Mattivi v. South African Marine Corp., "Huguenot", 618 F.2d 163, 167-168 (2d Cir. 1980), Aaron Ferer & Sons, Ltd. v. Chase Manhattan Bank, 731 F.2d 112, 121-122 (2d Cir. 1984). Plaintiff cannot meet this standard here.

 The events in this case were not seriously disputed. In February 1977, Dr. Mastellone inserted an intrauterine device (IUD) into Mrs. DeMonaco during an office visit. Thereafter, plaintiff visited Dr. Mastellone at his office in October 1980, and then several more times in 1981 - first on March 30, and also on June 10 and August 19 - presenting various complaints and symptoms. On these visits, Dr. Mastellone examined her and ordered certain tests from which he eventually concluded that she suffered a benign growth of the uterus. Dr. Mastellone removed the IUD on the March 30 visit, and at the August 19 visit, told Mrs. DeMonaco to check back with him in a few months.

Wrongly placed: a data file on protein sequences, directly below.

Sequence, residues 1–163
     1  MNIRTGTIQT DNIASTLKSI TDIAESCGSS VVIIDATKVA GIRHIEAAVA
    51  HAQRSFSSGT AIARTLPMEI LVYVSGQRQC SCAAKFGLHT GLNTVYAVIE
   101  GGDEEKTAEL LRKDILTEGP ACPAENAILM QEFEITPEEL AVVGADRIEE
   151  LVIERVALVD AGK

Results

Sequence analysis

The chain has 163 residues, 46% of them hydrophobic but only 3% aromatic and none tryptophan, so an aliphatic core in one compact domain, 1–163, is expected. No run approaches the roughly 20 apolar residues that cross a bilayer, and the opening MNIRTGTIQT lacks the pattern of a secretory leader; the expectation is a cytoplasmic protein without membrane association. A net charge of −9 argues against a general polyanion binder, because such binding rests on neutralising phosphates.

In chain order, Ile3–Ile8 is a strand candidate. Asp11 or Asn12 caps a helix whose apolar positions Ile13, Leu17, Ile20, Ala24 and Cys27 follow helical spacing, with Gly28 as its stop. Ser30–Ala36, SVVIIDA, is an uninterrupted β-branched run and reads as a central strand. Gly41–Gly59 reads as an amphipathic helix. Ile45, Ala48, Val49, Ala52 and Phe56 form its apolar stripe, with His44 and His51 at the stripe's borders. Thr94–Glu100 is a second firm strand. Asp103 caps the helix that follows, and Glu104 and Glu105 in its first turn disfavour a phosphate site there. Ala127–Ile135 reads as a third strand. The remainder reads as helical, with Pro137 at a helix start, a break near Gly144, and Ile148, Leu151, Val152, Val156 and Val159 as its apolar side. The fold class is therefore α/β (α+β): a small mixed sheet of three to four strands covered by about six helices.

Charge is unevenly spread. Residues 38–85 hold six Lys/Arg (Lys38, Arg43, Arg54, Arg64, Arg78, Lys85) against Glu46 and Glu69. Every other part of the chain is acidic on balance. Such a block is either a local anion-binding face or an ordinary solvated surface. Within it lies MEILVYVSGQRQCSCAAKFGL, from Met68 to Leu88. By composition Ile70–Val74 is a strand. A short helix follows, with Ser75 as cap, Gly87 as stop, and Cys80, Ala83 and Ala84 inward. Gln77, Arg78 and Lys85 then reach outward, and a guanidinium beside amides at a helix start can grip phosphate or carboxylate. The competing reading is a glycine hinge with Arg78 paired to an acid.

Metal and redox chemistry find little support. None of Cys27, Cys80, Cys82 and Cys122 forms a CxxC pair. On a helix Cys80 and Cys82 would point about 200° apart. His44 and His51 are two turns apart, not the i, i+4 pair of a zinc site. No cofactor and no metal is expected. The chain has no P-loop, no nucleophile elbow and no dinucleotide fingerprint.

In the meantime, between March and December 1981, Mrs. DeMonaco saw several other doctors, who were not obstetrician/gynecologists, who examined her and performed tests to determine the cause of her complaints. Finally, on December 8, 1981, she visited Dr. Bohm in New Jersey, a gastroenterologist, who, upon his examination and tests, found a large mass in her uterus, unnoticed by previous doctors. He recommended that she contact her gynecologist immediately and be hospitalized. Accordingly, plaintiff saw Dr. Mastellone the next day, December 9, who examined her and recommended immediate surgery. Mrs. DeMonaco underwent surgery on December 23, 1981, during which her uterus, tubes, ovaries and appendix were removed. Post-operative tests revealed that the plaintiff had been suffering for some time from chronic pelvic inflammatory disease with bilateral tube abscesses due primarily to actinomycosis.